Georgia Criminal Appellate Law Blog

Offering Insight and Commentary on Appellate Law and Criminal Trial Practice

The Tyrannical Weight of Tradition in the Law

Posted in News

Cory Doctorow has a post up at Boing Boing about a copyright dispute (of sorts) between the Harvard Law Review and Carl Malamud. Parker Higgins and Sarah Jeong have written a commentary on the whole mess, calling out the Harvard Law Review as a copyright troll:

Of course, far be it from us to call the Harv. L. Rev. a repulsive troll squatting on a small but nonetheless key component of equal access to the law, profiting off a slavish attentiveness to convention instilled in lawyers during law school, much to the detriment of the public. Far be it from us indeed.

Carl Malamud is known for is work to help make the law and essential public documents available to the public. The Harvard Law Review’s lawyer wrote him a cease and desist letter when he posted an HTML version of the Bluebook on his website. Who knew that what is in some courts and in all law reviews a mandatory system of citation in the law was subject to copyright? Should a portion of filing fees in legal pleadings go to the Harvard Law Review? And if Malamud is infringing on copyright in his efforts, what about every law librarian, law professor or CLE speaker who puts together handouts or powerpoint slides to help students and practitioners figure out this Byzantine complex system of citation? In fact, why are we even using the Bluebook in this day and age?

If there is an industry or profession that is less innovative than the law, I am not sure what it is — perhaps primitive Baptists. Ponder these points:

  • Our whole system of citation to case law is antiquated. For the uninitiated, when lawyers or courts cite to a case in the form of, let’s say Strickland v. Washington, 466 U.S. 668 (1984), they are referring to a book’s volume and page number. To what book are they referring? They are referring to an official dead tree compilation of cases (here, volume 466) and a page number (here page 668). Where might one find these books? Today, virtually nowhere. There may have been a time when many law firms kept a complete set of these volumes in a law library. But now you would be hard pressed to find a law firm with these books. And even in large law firms that may have them, they are probably gathering dust until some crusty partner insists on picking one up. If you see these volumes at all in a law firm, they are there for decoration along with those handsome leather-bound and overpriced case books (themselves antiquated) they sold you in law school. They look quite handsome next to the brass globe and the bankers lamp. Yet, our entire system of citation works by reference to books that neither the writer of the brief nor the reader of the brief owns any longer. And it’s a pain. if you pinpoint cite to a page number within a case, you have to look in the online copy or the printout of the case to find the anachronistic page number to reference it. And the judge who reads your brief and wants to find the page number himself will not look to a page number in the case but will have to go on a similar needle in a haystack search for the page number in his printout because he will likely not have the book in front of hims since he doesn’t own a copy. Surely, there’s a better way.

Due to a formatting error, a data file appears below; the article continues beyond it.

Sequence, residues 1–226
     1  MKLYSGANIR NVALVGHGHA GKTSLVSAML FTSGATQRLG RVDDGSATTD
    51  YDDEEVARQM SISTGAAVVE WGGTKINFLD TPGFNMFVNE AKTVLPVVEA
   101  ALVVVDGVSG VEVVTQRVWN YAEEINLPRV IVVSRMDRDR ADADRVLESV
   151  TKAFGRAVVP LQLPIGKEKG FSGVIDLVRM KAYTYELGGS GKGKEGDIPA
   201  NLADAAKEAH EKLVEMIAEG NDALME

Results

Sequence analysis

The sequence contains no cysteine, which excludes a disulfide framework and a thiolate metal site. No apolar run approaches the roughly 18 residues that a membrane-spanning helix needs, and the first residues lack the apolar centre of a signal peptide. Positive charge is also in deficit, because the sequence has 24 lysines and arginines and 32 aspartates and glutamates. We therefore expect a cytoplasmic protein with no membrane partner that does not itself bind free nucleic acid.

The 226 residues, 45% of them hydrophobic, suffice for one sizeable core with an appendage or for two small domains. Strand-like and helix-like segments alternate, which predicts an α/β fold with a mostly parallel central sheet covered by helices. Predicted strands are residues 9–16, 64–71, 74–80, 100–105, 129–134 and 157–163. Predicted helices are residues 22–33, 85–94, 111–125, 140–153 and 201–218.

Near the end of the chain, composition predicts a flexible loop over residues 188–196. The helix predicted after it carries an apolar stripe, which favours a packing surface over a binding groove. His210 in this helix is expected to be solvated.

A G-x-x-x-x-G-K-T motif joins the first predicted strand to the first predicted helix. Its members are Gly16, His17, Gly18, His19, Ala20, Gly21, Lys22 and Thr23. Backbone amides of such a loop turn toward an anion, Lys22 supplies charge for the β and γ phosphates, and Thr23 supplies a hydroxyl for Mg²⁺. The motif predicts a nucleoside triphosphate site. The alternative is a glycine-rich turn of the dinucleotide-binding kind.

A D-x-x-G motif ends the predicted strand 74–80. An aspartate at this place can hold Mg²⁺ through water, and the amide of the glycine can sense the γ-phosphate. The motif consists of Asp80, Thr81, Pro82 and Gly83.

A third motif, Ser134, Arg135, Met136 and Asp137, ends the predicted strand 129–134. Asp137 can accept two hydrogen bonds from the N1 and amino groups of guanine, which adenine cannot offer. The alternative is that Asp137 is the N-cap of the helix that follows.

• Even though Georgia’s appellate courts allow you to efile your briefs, they actually charge you a higher filing fee to file online than they do if you file the brief in person the old fashioned way. Though surely efiled briefs are easier for the court to handle.
  • Speaking of efiling, Georgia has over 150 counties, each with their own “traditions” for what you do when you file papers. There’s no uniform system that would allow for efiling such as exists in the federal system. A bill to move toward that came crashing down from clerks of court who opposed it. So, if you are a lawyer in Savannah and a client comes to you on an emergency matter with something that needs to be filed in Atlanta, you better have someone available who can drive it up there or you better have a day to get the filing sent by FedEx, or you can’t help that person.
  • Even the experience of finding case information on the docket varies by county. Want information about a case on the docket in Cobb or DeKalb County? You’re in luck. You can go to their online docket and see an index of filings. In some counties, though, you will find yourself driving to the clerk’s office and literally opening a huge leather-bound book and looking up a party name in an antiquated hand-written index. In some, you’ll be looking at a dot-matrix printout that’s held together in a circa 1980s book report cover.
Why are we still doing court like this? Why are we still preparing briefs like this? Why are the proceedings in court taken down by a scribe still? The issue between the Harvard Law Review and Carl Malamud is an example of a bigger issue of the weight of tradition in the law and how frustrating it is.

 

Rhetoric Aside, Most Inmates Have Cell Phones

Posted in Uncategorized

Over at Grits for Breakfast, is a post discussing that, while cell phones are rampant in Texas prisons, there are few prosecutions. The writer references a comprehensive story about the number of cell phones seized in Texas versus few actual prosecutions for those offenses. The Texas Tribune reports: